Jungle fever

Go for the gorilla FX; forget the plot.

A seamless combination of animatronics, computer-generated effects, and a guy in a good old-fashioned gorilla suit, Mighty Joe Young is a thing to behold: Like a junior league King Kong, Joe shakes the trees and quakes the ground as he works his way through the jungle, finally emerging with a roar and beating his chest. At heart, however, this simian is just a big furry kid; his face flashes wonder and anger like a child’s.

Mighty Joe Young

directed by Ron Underwoodstarring Bill Paxton, Charlize Theron

now playing at Meridian, others

He may just be a big, fake gorilla, but Joe has more personality than any human who shares the screen with him. Rugged Bill Paxton, a fine actor when given a part with dimension, barely registers as the globe-trotting field scientist Gregg O’Hara, who first discovers the big guy. He’s the movie’s great white liberal conscience, who also provides color commentary on the side. “Look at the way he moves. Gorgeous.”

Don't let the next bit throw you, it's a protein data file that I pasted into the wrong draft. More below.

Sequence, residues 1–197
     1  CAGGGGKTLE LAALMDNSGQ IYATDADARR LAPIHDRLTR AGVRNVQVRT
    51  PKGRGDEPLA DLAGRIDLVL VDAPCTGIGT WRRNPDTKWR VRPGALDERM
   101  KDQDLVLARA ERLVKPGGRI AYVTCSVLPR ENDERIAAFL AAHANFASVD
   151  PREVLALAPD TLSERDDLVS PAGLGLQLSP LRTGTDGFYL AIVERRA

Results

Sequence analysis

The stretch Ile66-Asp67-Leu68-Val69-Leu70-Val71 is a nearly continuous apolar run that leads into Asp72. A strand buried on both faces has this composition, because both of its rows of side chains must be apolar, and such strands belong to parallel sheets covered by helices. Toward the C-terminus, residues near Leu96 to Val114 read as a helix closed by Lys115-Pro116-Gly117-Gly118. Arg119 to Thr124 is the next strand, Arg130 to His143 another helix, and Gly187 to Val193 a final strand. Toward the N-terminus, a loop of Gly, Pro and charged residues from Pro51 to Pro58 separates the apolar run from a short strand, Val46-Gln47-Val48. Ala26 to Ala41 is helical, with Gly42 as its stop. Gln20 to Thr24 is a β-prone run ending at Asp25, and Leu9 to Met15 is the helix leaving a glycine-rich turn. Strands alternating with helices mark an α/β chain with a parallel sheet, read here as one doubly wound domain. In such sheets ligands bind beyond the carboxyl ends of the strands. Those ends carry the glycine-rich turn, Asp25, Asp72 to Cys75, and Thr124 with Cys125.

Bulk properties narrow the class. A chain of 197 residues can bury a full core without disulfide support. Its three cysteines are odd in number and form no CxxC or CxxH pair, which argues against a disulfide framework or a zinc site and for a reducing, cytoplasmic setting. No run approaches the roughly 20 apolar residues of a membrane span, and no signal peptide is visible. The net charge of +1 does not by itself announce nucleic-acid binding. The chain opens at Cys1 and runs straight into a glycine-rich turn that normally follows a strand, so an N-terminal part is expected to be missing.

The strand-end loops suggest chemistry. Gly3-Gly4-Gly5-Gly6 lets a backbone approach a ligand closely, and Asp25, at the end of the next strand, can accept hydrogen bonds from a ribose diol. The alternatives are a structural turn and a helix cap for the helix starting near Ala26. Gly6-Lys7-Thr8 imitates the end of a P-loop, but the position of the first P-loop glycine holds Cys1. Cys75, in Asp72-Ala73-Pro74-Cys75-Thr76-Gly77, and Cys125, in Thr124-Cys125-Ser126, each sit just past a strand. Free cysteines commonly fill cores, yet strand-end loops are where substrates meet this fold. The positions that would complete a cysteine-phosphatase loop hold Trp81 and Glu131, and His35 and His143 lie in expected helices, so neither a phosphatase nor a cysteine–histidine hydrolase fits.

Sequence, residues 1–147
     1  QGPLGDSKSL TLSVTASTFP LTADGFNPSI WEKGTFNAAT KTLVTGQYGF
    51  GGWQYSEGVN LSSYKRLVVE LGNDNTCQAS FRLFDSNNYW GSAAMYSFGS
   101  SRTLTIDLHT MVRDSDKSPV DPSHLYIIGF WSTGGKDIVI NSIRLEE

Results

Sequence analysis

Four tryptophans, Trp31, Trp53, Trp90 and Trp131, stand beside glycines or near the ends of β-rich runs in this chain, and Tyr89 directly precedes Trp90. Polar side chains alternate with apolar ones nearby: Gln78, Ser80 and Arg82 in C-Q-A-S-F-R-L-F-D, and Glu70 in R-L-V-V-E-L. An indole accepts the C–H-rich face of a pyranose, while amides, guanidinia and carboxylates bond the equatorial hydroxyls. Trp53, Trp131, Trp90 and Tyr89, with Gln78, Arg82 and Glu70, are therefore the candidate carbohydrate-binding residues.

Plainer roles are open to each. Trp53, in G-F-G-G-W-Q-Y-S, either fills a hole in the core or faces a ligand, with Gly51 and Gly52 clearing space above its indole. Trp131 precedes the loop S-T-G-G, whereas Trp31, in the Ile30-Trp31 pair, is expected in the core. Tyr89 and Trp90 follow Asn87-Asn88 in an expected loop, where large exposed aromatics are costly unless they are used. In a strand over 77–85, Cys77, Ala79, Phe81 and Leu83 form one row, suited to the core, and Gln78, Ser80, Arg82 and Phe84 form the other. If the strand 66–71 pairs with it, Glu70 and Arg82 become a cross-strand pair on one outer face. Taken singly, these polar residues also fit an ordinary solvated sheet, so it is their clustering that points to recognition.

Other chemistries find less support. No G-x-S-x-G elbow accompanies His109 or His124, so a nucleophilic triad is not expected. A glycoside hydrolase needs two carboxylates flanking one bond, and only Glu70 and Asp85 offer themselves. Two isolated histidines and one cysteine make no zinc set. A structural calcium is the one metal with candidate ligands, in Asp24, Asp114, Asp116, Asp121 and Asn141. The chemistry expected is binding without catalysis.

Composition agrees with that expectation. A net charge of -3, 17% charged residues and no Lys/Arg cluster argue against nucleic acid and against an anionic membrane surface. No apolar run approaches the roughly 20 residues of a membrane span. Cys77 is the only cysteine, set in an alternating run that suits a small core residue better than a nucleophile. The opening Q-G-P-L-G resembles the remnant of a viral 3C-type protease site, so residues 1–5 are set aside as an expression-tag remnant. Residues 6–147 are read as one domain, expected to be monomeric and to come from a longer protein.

Lovely Charlize Theron plays the perky, blue-eyed “Jane of the Jungle” character, Jill Young, Joe’s protector and the orphaned daughter of a Jane Goodall-like researcher. She treats Joe as a cross between a little brother and a pet. When Gregg offers to move Joe from the poacher-infested African hillside to an LA animal preserve, she agrees, albeit reluctantly. These two are supposed to provide the romantic interest, but their chaste courtship—two closed-mouthed kisses—has all the life of a stuffed animal.

Our heroes find themselves up against a villain that would twirl his mustache given half the chance. Ruthless poacher Strasser (Rade Serbedzija) starts the film by making orphans of both Jill and Joe, losing his thumb and finger to baby Joe in the process. Like some neo-Nazi Captain Ahab, Strasser wants to take his revenge out on big Joe’s hide, or more precisely his entire body. “After we sell him off piece by piece, no telling how much we’ll make,” he gloats with such venomous glee you’re sure he performs vivisections for fun.

Mighty Joe Young is a frustrating cartoon of a movie; its dramatic twists depend on the continued stupidity of characters who should know better. But it’s almost worth wading through this claptrap for the finale, Joe clomping through LA on all fours, tossing cars aside, and climbing up a Ferris wheel. It’s not a movie, it’s a theme park, and Joe is the featured attraction. No, he’s the only attraction.